The Statue Beneath the Sea
Once upon an ocean, a statue dwelled beneath the waves. In days past the statue had been brightly painted and crowned with gilt, with jewels for eyes and jewels set in its magnificent wings. It remembered dancers crowding its plaza and lovers exchanging promise-poems beneath its benevolent gaze, parades of helmeted youths and prophetesses giving speeches in the sinuous language of time unwound.
It had never met the general whose victories it was meant to commemorate, although it knew that some statues had that privilege. But it had their smooth face and their smile, and even though the jewels of its eyes had long ago been stolen by treasure-scavengers, it had something of the general's vision. It knew the stories of the general and their honored lover the lady scholar, and how they had built the old city to a precipice of grandeur.
Those days had passed long ago, however, and the wars of weather-mages had sunk the city below the sea. No one now living remembered the city's name the way it had been spoken by its inhabitants, although it lingered in distorted whispers and siren-songs that wound through the tides. The statue remembered its people and yearned for whatever scraps of myth it could gather from the gossip of gulls and sailors.
The fish and the anemones, mindful of the statue's melancholy, spoke with it little. In truth it would have welcomed their chatter. But when it asked them for stories of war (in honor of its general), they could only share tales of cannonades and blood staining the foam, so different from the swift chariots and dust-clouds it knew of, and its melancholy only deepened.
At last an entourage of dragons, distant cousins of the Dragon King Under the Sea, visited the sunken city. One of the dragons, hardly more than an eggling as dragons reckon time, especially liked to explore vanished civilizations. She was particularly taken by the statue's eroded marble surfaces, seeing in them the litany of years gone and years to come.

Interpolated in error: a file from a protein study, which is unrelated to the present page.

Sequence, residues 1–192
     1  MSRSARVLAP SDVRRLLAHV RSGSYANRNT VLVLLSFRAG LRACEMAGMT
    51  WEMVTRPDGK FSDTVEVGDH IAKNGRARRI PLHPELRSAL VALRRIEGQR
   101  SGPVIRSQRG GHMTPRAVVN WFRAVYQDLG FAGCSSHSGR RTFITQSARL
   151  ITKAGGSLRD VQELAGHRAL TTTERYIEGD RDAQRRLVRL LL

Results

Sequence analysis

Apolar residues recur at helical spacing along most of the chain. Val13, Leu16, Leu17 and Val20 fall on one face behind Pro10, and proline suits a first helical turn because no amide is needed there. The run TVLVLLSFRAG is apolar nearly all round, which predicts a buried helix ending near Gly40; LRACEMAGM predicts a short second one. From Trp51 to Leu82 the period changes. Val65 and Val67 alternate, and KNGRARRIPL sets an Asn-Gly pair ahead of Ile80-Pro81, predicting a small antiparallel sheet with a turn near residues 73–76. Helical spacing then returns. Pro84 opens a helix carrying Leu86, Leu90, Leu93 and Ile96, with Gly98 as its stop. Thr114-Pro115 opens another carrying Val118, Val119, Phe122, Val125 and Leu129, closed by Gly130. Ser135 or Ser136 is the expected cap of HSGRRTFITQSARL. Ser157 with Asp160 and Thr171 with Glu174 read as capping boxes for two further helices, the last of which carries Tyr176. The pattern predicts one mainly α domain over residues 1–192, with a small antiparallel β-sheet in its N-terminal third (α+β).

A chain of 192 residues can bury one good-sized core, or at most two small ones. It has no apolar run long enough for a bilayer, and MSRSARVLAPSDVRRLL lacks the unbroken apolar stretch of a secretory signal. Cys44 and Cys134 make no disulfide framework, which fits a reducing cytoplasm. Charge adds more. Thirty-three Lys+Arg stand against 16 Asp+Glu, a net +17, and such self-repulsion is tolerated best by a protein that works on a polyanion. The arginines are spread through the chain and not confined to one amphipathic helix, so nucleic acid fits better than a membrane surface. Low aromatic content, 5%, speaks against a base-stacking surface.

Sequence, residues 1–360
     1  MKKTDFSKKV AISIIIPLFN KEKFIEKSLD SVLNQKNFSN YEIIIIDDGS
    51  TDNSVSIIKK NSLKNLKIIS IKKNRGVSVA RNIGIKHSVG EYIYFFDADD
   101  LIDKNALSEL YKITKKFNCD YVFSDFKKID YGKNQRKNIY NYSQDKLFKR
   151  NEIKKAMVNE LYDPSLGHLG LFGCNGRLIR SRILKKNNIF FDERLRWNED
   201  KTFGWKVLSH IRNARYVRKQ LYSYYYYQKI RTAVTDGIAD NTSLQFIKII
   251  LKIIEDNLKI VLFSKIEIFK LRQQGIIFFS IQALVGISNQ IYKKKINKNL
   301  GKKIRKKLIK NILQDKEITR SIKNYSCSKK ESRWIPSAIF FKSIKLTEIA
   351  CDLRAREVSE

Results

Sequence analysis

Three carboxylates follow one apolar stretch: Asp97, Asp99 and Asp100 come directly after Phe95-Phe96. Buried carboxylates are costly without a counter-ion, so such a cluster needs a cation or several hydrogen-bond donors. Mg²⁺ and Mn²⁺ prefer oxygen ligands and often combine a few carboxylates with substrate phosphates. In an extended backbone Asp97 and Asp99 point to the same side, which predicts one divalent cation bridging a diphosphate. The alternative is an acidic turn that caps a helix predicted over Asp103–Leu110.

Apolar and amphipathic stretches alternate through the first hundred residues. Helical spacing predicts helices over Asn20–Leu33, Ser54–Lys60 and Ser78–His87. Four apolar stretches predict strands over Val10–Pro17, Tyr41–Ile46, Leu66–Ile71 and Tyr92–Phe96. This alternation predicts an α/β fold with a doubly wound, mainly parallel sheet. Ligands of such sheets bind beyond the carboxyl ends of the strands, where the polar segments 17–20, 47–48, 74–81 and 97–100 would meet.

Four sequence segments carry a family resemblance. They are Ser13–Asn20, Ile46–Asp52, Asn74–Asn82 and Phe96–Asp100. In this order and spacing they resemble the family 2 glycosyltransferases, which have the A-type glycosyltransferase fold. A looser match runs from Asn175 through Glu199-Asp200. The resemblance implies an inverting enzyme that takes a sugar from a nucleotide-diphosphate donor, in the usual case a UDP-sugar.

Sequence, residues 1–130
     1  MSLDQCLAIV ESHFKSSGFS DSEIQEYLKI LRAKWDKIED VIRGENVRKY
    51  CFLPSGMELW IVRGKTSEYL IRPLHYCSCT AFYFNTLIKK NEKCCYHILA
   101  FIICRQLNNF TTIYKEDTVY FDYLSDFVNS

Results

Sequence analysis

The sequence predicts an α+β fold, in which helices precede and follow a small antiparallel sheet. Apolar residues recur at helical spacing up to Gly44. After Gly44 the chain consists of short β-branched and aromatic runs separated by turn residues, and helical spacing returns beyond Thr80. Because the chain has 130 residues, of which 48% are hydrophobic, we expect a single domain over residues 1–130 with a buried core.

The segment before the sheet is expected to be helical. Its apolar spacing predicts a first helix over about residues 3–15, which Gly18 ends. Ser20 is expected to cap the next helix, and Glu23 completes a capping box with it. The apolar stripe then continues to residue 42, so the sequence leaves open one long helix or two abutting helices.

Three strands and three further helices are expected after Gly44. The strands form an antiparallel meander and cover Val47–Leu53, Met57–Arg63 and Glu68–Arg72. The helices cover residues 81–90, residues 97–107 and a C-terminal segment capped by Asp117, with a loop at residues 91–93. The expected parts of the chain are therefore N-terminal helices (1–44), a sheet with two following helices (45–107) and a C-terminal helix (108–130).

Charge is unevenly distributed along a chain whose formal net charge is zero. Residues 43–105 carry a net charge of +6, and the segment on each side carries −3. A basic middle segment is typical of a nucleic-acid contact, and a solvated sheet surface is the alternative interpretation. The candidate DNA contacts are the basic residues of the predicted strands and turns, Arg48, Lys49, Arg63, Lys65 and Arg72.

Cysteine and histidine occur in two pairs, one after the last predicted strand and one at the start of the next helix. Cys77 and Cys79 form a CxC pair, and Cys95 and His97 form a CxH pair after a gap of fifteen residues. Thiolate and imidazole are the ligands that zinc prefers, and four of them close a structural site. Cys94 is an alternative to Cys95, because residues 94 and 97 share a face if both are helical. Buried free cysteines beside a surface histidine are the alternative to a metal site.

The statue told the dragon of its vanished city, and its general's victories--more fable than truth by this point, not that there was anyone to correct it--and the dragon listened eagerly. She began telling the statue's stories to the sharks and the seahorses, the terns and the turtles. Soon the creatures of the sea came to listen to the statue as well, and to honor it with their tribute.
It wasn't long before the statue's old plaza was surrounded by nets woven of pirates' beards, and strands of coins marked around the rim with praises to octopus gods, and bits and pieces of filigree armor snatched from soldiers fallen overboard. The creatures of the sea, not to mention the dragons, began frequenting the statue's plaza, and carrying out their own ceremonies there.
While the statue knew that the people it had once known would never return, and that the old city was dead in truth, it found some comfort in seeing a new one arise where the old had been.
Because of my linguistic coprocessor, it's very easy for me to hack a pidgin if I know any of its main antecedents. So for instance, I can clock "don" as the past-tense marker: "BBC Pidgin don start today" = "BBC Pidgin started today." Take a look at the new materials and see what bits of grammar and vocabulary you can identify. \o/
Meanwhile over in Terramagne, I bet their BBC offers a whole bunch of different overlays like this. France probably does too, because they spawned a lot of colonial languages, including the Haitian French that Saraphina speaks. Hmm, I wonder how long it'll take Aidan to catch onto that resource, because he's not much of a TV junkie. But an hour of French-national Haitian French overlay would be good practice for them, and a nice change from the much scarcer pure Haitian programming.
I still have not seen the orange kitten I was warned could be an issue. It's afraid of people but likes to tussle with older cats. I expect Ibid will like this and Fig will not.
One reason I've been writing down a lot of T-American food choices and linking similar local recipes is because they're a lot farther along the path of using dietary choices to support health. That's mostly replicable here. You can see it with Shiv in particular, how much better he feels now than several months ago. That's not all due to the extra psych support he's getting; it's also because he's eating better.
Spotted this the other day and then forgot to mention it:
Actually, not in Tunbridge Wells, which evokes images of orgiastic goings on in the Pantiles amidst a crowd of the local denizens being Disgusted.
In fact, in a wood nearby.